Printer Friendly

Antibiotic stewardship--it starts with you!

'The thoughtless person playing with penicillin treatment is morally responsible for the death of the man who succumbs to infection with the penicillin resistant organism.'

Sir Alexander Fleming, 1945

This edition of the SAJCC contains two publications on issues surrounding the effects of inappropriate use of antibiotics, but also the benefits of having an antibiotic stewardship programme in an intensive care unit (ICU).

The first paper by Bidaisee et al.[1] describes the patterns of resistance seen in a tertiary hospital ICU where there is a distinct lack of any antimicrobial stewardship initiatives and rational prescribing of antibiotics. This study revealed a high level of resistance among the pathogens seen in hospital acquired infections and a high mortality, which may be attributable to a number of factors. Studies have shown that mortality is significantly higher in patients infected with resistant organisms when compared with more susceptible organisms of the same species.[2] The reasons for this may be multiple, but factors include underlying comorbidities, inappropriate initial therapy, suboptimal dosing of antibiotics in critical illness and selection of resistance by inappropriate use of antibiotics.[3]

Antibiotic stewardship is a strategy to preserve the life-saving power of antibiotics. Unfortunately, we have reached the end of the 'golden age' of antibiotics where we are faced with pan-drug resistance and no new antibiotics on the horizon for the foreseeable future.[4] Antibiotic stewardship is a multidisciplinary initiative aimed at optimal use of antibiotics focusing on timing, dose, duration and de-escalation of antimicrobial therapy. The programme involves role players from all disciplines, including clinical pharmacists, nursing, infection control, microbiology and the clinicians involved in the care of the patient. A recent study has shown a reduction in the incidence of infection and colonisation with antibiotic-resistant bacteria and Clostridium difficile infection.[5] The systematic review and meta-analysis showed that antibiotic stewardship programmes (ABS) were more effective when implemented along with infection control measures, especially hand hygiene interventions, than when implemented on there own. This was the first evidence to promote the implementation of an antibiotic stewardship programme by stakeholders and policymakers to reduce the burden of infections from antibiotic-resistant bacteria.

The second publication by Rout and Brysiewicz[6] in this edition of the SAJCC, describes the integral role that the ICU nurse practitioner plays as part of the antibiotic stewardship team. This qualitative research found the ICU nurse to be an essential cog in the wheel that ensures the success of an antibiotic stewardship programme. Undoubtedly, any antibiotic stewardship programme is reliant on multidisciplinary input to ensure its success. This was shown in a study looking at the role of a clinical pharmacist in driving antibiotic stewardship in a group of private hospitals across South Africa (SA).[7]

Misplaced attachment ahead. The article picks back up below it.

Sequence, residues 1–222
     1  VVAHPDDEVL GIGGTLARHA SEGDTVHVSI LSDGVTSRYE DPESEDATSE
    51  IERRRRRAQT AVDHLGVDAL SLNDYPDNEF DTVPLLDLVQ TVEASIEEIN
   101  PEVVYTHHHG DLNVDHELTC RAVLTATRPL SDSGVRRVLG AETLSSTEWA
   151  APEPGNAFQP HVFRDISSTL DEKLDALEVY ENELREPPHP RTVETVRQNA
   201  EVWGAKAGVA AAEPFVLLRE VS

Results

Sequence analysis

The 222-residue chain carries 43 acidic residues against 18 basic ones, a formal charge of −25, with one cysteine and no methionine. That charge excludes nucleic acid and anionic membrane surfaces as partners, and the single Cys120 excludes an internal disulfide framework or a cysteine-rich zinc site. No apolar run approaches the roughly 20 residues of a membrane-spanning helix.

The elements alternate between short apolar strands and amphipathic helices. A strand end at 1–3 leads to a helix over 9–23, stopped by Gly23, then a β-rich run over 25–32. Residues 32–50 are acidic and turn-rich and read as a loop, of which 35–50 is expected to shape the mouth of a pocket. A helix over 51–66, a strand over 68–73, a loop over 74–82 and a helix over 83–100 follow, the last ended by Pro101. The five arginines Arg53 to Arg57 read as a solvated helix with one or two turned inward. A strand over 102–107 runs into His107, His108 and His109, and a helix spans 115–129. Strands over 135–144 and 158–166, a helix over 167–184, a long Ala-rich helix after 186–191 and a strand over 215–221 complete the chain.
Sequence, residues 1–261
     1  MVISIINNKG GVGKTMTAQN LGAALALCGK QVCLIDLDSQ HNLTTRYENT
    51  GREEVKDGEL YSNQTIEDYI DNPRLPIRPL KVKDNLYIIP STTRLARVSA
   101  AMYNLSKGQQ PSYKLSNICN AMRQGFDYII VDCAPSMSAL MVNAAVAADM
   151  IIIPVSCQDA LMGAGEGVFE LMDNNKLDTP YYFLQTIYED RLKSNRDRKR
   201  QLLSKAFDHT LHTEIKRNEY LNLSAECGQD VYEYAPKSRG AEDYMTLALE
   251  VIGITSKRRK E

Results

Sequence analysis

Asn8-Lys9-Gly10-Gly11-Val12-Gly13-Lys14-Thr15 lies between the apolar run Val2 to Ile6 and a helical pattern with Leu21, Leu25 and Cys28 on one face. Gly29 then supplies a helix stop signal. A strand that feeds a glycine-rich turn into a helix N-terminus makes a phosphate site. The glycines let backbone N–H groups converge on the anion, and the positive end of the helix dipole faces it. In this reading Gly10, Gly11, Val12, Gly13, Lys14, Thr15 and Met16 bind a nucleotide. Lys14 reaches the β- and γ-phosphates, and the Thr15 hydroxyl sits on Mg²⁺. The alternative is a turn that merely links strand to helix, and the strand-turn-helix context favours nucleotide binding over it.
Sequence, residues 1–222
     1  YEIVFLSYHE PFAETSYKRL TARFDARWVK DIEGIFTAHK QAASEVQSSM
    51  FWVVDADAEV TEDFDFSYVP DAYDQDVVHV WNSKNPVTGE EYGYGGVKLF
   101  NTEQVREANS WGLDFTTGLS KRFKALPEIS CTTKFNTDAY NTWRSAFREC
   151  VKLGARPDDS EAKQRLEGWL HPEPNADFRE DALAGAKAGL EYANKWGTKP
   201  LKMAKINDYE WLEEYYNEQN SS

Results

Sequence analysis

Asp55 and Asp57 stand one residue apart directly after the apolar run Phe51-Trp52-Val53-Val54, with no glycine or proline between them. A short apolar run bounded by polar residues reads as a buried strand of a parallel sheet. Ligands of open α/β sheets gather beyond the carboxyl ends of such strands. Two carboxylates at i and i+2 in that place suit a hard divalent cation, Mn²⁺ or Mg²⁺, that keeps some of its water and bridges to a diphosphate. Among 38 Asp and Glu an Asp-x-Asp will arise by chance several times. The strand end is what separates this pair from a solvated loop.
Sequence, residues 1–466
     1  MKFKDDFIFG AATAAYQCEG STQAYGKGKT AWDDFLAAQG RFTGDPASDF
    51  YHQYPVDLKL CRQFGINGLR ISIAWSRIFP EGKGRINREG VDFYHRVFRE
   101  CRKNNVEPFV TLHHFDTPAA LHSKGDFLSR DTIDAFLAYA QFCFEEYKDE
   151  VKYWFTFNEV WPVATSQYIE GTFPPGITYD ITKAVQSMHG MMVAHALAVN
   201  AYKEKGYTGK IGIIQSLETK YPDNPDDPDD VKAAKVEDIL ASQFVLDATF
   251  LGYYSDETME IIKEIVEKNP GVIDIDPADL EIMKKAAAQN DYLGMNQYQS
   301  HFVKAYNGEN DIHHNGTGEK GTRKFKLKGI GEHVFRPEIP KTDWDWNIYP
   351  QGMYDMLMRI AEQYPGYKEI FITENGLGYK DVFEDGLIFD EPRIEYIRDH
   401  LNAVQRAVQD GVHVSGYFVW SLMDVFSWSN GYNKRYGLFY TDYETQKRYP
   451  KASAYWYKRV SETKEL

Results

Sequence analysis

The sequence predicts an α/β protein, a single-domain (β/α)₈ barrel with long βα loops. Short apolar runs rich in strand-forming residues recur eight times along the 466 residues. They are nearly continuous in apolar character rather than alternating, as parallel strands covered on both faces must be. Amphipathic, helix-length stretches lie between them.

This study was particularly relevant to the South African setting where infectious diseases specialists are not available at every hospital. The results from this implementation study showed that antibiotic stewardship initiatives can be driven by any member of the team provided the programme is sustainable and is supported by policymakers and stakeholders.

Daily defined doses per 1 000 patient days (DDDs/1 000 pt days) is the metric used for most ABS programmes to track and benchmark institutions in terms of success or failure of an ABS. This is easy to monitor and can identify problem areas early. The introduction of a dedicated antibiotic prescription chart and antibiotic stewardship ward rounds can reduce antibiotic consumption and pharmacy cost, particularly in resource limited environments.[8] However, the acid test should be whether resistance patterns change as a result of ABS, since the ultimate goal of any ABS programme is to preserve the life-sustaining power of antibiotics. The Empiric Coverage Index is a novel index proposed to evaluate the local impact of antibiotic resistance on empirical coverage.[9]

So, the burning question that needs an answer is: What are the barriers to implementation of an ABS programme in your institution? This question was the focus of an Australian study that revealed interesting results after in-depth interviews were conducted with both doctors and nurses. Firstly, clinical ownership of the patient's condition is perceived to be challenged by ABS processes. Traditional hierarchies and etiquette are in conflict with ABS processes. Nurses are perceived to lack the knowledge and training to fulfill their role in ABS processes. Lastly, ABS teams challenge interspeciality and interprofessional relationships and this undermines optimal use of antibiotics.[10] Thus, the success of any ABS programme will require some behaviour change among clinicians to ensure its sustainability.